PROPERTY developer Andrew Mason has called for a “grown up” debate about the future of the green belt.

He says land protected under the 1947 Town and Country Planning Act should not be “set in aspic” and the scope of the green belt should potentially be reviewed to reflect the needs of modern society - particularly the need for affordable housing.

Mr Mason said not all green belt areas satisfied the requirements of providing open access to countryside and other benefits.

The developer, whose company Newmason Properties converted Victoria Mills in Shipley into an award-winning residential complex, said he was not advocating a widespread reduction in green belt areas but wanted serious debate about some potential development.

He said: “It’s time we moved away from an adversarial approach to planning and have some grown up discussions about how we treat the green belt going forward. Unless we are prepared to think more flexibly about how our approach to some green belt land we’re going to be in a pickle. It’s time for developers, planning specialists and residents to involve in a serious open debate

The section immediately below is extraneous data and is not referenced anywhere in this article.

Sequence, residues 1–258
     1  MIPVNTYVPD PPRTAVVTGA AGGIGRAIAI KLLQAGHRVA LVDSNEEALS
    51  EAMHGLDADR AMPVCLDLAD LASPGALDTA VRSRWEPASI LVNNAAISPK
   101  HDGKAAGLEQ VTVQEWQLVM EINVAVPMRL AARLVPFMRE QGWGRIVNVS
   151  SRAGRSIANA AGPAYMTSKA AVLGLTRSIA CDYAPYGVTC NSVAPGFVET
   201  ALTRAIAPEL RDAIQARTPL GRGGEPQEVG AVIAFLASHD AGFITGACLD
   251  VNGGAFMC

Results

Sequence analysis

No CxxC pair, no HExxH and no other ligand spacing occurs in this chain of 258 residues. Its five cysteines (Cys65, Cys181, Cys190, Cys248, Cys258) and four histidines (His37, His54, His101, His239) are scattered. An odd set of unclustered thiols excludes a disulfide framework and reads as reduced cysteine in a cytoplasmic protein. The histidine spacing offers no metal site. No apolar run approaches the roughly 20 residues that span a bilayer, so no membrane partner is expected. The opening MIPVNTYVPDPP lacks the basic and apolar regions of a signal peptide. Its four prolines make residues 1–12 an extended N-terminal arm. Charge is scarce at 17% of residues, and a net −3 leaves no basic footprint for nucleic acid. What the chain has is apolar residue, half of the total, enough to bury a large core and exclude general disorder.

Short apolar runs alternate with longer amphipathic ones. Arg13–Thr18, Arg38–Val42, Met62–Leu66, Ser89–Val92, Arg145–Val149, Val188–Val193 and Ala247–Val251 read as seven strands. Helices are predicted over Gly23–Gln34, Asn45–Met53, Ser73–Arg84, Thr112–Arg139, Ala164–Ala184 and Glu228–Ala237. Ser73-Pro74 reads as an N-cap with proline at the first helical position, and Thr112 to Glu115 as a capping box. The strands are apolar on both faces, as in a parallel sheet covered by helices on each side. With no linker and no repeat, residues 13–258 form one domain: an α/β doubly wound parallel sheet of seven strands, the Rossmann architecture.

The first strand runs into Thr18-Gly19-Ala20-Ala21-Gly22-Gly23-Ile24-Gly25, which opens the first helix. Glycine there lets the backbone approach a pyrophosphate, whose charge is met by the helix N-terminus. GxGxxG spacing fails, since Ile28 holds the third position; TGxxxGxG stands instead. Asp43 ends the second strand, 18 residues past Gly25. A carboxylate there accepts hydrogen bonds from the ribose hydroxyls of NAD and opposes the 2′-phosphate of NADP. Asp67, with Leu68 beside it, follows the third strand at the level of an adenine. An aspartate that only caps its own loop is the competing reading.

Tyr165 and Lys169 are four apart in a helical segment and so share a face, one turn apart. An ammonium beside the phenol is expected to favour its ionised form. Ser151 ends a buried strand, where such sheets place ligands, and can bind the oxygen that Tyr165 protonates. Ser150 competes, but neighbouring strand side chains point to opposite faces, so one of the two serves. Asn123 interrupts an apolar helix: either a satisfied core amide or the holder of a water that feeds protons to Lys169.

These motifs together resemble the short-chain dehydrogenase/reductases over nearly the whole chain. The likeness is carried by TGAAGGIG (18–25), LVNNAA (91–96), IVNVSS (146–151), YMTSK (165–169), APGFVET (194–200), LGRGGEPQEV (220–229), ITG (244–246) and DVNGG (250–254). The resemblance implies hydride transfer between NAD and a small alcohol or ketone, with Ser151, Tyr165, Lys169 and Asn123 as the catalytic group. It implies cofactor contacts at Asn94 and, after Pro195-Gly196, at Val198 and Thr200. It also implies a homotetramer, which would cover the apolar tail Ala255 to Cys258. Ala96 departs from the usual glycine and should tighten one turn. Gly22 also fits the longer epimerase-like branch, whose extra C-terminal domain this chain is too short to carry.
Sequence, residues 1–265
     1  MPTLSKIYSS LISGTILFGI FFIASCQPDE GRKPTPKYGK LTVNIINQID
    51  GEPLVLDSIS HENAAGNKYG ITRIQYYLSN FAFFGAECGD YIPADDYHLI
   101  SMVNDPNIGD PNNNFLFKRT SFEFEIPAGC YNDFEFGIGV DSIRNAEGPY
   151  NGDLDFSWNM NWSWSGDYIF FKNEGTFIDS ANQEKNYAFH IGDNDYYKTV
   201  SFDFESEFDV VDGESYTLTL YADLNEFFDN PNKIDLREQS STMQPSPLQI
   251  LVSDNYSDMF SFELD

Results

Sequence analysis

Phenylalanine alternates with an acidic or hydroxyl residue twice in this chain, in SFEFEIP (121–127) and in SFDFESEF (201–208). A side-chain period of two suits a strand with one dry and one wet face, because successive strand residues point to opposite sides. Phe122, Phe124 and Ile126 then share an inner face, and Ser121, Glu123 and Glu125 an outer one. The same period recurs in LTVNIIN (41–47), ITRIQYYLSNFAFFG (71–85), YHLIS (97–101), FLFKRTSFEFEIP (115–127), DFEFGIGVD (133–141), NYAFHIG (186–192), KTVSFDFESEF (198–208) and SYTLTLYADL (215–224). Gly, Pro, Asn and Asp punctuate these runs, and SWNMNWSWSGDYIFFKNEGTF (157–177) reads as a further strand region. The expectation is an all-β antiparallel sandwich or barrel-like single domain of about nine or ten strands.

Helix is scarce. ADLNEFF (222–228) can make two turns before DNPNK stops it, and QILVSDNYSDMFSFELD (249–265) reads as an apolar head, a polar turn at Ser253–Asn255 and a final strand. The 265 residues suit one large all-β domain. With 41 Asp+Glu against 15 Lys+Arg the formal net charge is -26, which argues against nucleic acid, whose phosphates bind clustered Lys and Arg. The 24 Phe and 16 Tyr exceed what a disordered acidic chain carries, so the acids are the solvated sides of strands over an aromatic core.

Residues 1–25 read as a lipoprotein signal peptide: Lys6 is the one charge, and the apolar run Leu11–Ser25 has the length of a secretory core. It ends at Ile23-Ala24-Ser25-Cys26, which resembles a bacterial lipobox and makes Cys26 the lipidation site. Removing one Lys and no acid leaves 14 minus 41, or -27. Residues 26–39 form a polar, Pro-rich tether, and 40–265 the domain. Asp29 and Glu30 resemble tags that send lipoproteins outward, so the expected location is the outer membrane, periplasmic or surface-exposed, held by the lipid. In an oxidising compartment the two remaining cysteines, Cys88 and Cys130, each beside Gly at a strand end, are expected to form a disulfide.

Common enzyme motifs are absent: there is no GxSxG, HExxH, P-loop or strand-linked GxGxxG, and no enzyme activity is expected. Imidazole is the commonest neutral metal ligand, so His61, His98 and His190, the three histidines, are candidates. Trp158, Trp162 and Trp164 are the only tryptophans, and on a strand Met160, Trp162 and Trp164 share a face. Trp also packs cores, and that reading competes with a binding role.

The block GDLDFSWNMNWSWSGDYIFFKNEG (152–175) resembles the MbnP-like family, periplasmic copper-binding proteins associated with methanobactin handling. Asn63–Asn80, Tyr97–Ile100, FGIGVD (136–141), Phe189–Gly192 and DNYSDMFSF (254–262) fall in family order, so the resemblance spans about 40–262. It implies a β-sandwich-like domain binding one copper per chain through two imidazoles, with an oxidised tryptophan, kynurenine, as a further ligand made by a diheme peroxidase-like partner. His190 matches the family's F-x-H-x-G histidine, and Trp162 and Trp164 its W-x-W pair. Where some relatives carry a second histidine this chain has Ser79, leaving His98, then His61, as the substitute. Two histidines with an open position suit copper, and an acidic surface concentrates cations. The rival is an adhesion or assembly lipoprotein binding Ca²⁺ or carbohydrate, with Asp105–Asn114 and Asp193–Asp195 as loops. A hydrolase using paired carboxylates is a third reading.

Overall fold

“I remain a strong believer of developing on brownfield sites wherever possible and much of my own work has involved creating homes by regenerating old buildings.

“But the Green Belt was created under catch all legislation back in 1947, which was in a different age. I would be in favour of protecting some areas forever but we should discuss using some green belt land where no suitable alternative is available.”

The former Bradford Property Forum chairman was speaking after the Government backed plans for 400 homes in Micklethwaite Local was backed by the Government.